As local area networks (LANs) become larger and more complex, the result is a major ongoing operational expense and disruption of work, according to Stephen Montgomery, president of ElectroniCast Corp., a market-forecast consultant firm based in San Mateo, CA. But that's good news for the LAN media-converter equipment market, as network administrators seek out inexpensive ways to upgrade their systems.
The challenge to upgrade existing networks often requires adapting to another media, such as copper-to-fiber or multimode-to-singlemode fiber or even coaxial to unshielded twisted-pair (UTP) copper. Media converters offer the administrator the means to implement these changes at a lower cost.
According to ElectroniCast's new report, "Private Data Network Media Converter Global Market Forecast," the reconfiguration, relocation, and extension of local area networks are expanding everywhere and will be reflected in the global-consumption value of media-converter equipment.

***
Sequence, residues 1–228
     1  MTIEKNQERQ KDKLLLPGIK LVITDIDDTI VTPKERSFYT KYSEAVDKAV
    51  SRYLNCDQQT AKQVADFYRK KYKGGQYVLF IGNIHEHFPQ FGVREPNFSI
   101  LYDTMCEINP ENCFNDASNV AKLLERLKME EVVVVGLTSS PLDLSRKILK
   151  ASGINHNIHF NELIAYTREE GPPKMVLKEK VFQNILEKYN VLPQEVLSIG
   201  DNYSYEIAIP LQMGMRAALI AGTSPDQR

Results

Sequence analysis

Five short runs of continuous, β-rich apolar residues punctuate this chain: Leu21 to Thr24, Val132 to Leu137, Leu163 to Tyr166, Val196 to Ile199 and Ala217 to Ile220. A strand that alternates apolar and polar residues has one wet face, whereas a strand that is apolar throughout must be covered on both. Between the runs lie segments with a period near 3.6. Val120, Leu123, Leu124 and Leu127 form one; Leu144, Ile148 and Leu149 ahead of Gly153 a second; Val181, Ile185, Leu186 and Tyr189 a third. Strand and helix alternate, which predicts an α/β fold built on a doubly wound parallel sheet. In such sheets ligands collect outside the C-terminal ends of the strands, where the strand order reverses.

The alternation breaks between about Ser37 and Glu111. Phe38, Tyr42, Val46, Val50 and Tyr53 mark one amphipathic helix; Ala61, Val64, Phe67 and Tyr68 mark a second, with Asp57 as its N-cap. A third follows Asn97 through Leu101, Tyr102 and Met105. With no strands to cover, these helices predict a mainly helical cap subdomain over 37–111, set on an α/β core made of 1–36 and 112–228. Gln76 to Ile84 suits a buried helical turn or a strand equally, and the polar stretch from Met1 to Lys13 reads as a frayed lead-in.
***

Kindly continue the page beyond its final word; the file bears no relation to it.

In 1998, the global-consumption value for LAN media-converter equipment reached $143.3 million, based on ElectroniCast's research. North America held a 61.3% share with $87.8 million. Europe represents a rapidly increasing market with a 25.2% share, or $36.1 million, in 1998, expected to increase to 29.6%, or $297.8 million, by 2008.
The Japan/Pacific Rim market share is relatively lower, with 11% in 1998. This region, says ElectroniCast, has been typically rebuilding and installing "new builds" instead of over-building legacy networks. In South America, the market share will dramatically increase to 7.4%, or more than $74.2 million by 2008.
User demand for greater bandwidth and increased interconnectivity to the desktop and throughout the network are matched by rapidly growing demand for global-broadband interconnectivity. Interactive multimedia terminals, videoconferencing, and rapid access to massive databases are seen as productively increasing tools with quick payback. Media converters play a role in enabling network-expansion capability without making the current operational network products obsolete.
The entire report is available from ElectroniCast by calling Theresa Hosking at (650) 343-1398, fax (650) 343-1698, or e-mail: email@example.com.